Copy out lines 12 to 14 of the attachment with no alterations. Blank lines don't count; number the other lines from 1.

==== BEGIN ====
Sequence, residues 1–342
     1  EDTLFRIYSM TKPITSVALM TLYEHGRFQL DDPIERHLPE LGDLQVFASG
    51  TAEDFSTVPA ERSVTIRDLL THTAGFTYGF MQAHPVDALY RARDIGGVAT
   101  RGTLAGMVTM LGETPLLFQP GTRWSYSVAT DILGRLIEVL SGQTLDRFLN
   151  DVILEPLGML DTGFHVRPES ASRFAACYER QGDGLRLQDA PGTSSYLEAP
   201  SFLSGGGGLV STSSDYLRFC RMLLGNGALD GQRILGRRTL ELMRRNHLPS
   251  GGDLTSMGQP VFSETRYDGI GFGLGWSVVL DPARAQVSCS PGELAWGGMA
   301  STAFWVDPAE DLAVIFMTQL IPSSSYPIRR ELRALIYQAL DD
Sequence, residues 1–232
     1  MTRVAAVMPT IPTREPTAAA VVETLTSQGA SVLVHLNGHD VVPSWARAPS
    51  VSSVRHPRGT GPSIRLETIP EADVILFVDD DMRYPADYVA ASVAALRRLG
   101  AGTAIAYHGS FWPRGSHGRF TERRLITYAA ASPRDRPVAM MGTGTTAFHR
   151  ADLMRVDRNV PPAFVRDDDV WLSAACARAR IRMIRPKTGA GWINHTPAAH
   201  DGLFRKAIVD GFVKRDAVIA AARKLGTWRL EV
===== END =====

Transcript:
   101  AGTAIAYHGS FWPRGSHGRF TERRLITYAA ASPRDRPVAM MGTGTTAFHR
   151  ADLMRVDRNV PPAFVRDDDV WLSAACARAR IRMIRPKTGA GWINHTPAAH
   201  DGLFRKAIVD GFVKRDAVIA AARKLGTWRL EV